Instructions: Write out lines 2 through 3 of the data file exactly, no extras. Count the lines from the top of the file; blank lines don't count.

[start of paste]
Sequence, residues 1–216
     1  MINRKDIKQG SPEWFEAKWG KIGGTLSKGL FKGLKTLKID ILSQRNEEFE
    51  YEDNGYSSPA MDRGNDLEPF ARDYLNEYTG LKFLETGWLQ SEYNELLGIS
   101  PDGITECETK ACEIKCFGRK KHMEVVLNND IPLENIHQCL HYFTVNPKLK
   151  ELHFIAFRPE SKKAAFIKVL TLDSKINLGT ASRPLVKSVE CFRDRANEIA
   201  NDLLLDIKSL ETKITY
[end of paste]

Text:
     1  MINRKDIKQG SPEWFEAKWG KIGGTLSKGL FKGLKTLKID ILSQRNEEFE
    51  YEDNGYSSPA MDRGNDLEPF ARDYLNEYTG LKFLETGWLQ SEYNELLGIS